Search Images Maps Play YouTube News Gmail Drive More »
Sign in
Screen reader users: click this link for accessible mode. Accessible mode has the same essential features but works better with your reader.

Patents

  1. Advanced Patent Search
Publication numberUS3859719 A
Publication typeGrant
Publication dateJan 14, 1975
Filing dateNov 12, 1973
Priority dateNov 12, 1973
Publication numberUS 3859719 A, US 3859719A, US-A-3859719, US3859719 A, US3859719A
InventorsFratar Francis J, Gostyn Ernest
Original AssigneeGen Instrument Corp
Export CitationBiBTeX, EndNote, RefMan
External Links: USPTO, USPTO Assignment, Espacenet
Method of making a toroidal core-coil combination with in situ molded end rings
US 3859719 A
Abstract
A toroidal core-coil combination has a core comprising a toroidal body formed of magnetic material and having a central opening therethrough and ends. End rings formed of insulating plastic material are molded in situ on each of the ends substantially covering the axially exposed surfaces thereof, each end ring having an exposed surface provided with a series of grooves circumferentially exposed therearound. The coil comprises a wire conductor wound on the body in turns passing through the central opening, the turns being received in and located by the grooves. The dimensions of the grooves and the conductor are so related as to permit such winding and enable such location of the turns.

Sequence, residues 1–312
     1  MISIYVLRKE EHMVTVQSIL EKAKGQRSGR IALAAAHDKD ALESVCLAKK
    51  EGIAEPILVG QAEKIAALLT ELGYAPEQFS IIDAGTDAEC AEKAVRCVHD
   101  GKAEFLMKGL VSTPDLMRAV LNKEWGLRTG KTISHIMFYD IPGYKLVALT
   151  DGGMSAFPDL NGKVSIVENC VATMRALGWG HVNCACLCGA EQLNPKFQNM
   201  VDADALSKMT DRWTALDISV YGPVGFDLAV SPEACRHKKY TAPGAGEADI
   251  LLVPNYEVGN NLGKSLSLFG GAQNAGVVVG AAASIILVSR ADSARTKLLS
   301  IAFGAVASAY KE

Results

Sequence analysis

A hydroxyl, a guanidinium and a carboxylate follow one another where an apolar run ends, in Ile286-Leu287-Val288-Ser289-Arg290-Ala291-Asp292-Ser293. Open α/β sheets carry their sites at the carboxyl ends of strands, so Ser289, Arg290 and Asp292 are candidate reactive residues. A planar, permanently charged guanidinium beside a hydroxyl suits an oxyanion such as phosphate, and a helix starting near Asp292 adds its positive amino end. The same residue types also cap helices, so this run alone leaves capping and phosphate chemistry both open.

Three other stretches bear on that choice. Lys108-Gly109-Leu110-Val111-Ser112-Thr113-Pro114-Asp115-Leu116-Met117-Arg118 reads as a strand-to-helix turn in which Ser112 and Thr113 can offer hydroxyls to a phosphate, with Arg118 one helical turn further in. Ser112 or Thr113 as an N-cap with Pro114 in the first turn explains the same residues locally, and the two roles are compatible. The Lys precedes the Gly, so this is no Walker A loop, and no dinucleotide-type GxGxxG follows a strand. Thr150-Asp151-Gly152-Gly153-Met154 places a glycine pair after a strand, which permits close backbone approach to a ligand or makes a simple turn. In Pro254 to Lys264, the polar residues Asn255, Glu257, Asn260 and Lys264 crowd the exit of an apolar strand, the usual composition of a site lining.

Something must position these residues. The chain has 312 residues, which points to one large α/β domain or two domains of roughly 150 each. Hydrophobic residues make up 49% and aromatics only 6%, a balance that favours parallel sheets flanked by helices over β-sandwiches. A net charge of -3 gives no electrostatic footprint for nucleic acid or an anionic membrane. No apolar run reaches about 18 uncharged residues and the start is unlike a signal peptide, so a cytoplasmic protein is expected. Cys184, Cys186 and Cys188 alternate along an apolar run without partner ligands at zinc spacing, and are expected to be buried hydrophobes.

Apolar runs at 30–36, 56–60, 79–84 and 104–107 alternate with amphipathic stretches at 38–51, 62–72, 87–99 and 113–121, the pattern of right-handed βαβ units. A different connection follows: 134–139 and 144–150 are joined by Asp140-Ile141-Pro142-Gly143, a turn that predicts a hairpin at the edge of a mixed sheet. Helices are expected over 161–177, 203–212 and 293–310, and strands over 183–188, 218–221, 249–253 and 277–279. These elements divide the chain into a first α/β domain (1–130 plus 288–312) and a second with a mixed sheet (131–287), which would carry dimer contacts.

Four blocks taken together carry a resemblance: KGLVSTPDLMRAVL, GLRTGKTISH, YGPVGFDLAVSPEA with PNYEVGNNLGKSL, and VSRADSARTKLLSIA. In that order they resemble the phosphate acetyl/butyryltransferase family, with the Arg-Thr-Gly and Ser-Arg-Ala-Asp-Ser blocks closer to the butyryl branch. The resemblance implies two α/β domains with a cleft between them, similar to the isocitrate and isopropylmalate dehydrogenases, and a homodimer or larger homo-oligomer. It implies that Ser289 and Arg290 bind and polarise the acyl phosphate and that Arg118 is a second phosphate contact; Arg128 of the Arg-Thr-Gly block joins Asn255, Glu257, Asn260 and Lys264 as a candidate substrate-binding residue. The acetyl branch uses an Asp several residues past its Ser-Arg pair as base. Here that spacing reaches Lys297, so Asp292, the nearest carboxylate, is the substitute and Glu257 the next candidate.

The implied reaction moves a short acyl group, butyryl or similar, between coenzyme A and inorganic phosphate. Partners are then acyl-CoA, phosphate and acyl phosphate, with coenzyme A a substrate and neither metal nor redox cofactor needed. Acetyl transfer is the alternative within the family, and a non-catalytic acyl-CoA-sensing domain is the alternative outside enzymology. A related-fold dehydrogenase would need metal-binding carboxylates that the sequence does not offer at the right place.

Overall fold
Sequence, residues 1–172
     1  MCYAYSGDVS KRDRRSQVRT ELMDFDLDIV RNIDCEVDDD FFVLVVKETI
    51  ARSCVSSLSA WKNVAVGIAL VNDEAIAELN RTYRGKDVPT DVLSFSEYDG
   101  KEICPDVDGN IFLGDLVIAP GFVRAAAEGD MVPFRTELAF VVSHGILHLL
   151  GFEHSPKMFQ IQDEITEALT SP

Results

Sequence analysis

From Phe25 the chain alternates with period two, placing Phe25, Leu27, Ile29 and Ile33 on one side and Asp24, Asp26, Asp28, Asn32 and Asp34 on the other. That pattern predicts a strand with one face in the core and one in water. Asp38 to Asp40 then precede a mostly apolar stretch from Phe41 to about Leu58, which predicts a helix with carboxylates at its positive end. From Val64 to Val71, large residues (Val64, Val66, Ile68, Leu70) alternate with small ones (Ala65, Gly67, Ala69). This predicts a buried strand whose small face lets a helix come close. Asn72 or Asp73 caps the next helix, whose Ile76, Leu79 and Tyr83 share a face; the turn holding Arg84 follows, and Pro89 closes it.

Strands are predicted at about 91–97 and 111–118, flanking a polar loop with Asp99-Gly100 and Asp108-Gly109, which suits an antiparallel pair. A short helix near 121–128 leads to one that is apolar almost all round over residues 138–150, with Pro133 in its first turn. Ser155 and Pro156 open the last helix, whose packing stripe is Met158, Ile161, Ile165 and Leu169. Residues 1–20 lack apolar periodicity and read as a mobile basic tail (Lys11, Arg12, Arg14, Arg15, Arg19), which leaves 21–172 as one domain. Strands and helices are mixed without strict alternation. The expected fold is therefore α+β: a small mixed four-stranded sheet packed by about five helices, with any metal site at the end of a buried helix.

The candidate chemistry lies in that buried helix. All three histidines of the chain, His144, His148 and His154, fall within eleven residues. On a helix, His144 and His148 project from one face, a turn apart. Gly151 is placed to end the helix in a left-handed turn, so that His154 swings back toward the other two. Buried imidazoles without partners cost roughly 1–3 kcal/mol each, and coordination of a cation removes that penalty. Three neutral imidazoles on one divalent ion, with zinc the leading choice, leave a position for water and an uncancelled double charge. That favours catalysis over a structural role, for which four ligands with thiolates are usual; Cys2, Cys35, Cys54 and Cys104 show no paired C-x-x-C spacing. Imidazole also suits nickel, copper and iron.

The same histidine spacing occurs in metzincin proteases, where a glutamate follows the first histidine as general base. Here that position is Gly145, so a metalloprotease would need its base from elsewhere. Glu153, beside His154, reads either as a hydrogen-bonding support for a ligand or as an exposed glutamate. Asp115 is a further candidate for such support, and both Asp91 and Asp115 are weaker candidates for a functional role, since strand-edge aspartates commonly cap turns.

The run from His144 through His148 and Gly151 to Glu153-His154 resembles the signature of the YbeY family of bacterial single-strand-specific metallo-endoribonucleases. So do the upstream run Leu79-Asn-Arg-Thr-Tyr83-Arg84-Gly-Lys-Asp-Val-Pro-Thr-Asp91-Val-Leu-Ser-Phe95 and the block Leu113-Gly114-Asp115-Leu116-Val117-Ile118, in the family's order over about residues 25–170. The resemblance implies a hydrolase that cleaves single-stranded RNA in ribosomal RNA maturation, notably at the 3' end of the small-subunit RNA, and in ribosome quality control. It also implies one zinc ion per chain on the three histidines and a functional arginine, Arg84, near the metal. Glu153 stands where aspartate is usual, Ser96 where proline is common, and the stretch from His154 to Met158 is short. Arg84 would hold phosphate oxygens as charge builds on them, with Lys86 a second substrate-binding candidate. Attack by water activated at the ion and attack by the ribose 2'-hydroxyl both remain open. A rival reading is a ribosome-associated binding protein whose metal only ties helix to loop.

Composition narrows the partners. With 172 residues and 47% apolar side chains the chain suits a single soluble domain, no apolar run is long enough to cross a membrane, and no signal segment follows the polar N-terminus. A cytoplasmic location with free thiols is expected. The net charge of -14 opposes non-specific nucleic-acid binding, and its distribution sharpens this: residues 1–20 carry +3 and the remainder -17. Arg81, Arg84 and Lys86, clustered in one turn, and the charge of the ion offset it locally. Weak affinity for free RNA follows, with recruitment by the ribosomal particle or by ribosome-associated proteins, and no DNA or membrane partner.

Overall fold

Images(3)
Previous page
Next page
Description  (OCR text may contain errors)

United States Patent [191 Gostyn et al.

[ Jan. 14, 1975 METHOD OF MAKING A TOROIDAL CORE-COIL COMBINATION WITH IN SITU MOLDED END RINGS [75] Inventors: Ernest Gostyn, El Paso, Tex.;

Francis J. Fratar, Springfield, Mass.

[73] Assignee: General Instrument Corporation,

Newark, NJ.

[22] Filed: Nov. 12, 1973 [21] Appl. N0.: 414,978

[52] US. Cl 29/605, 242/4 R, 335/210,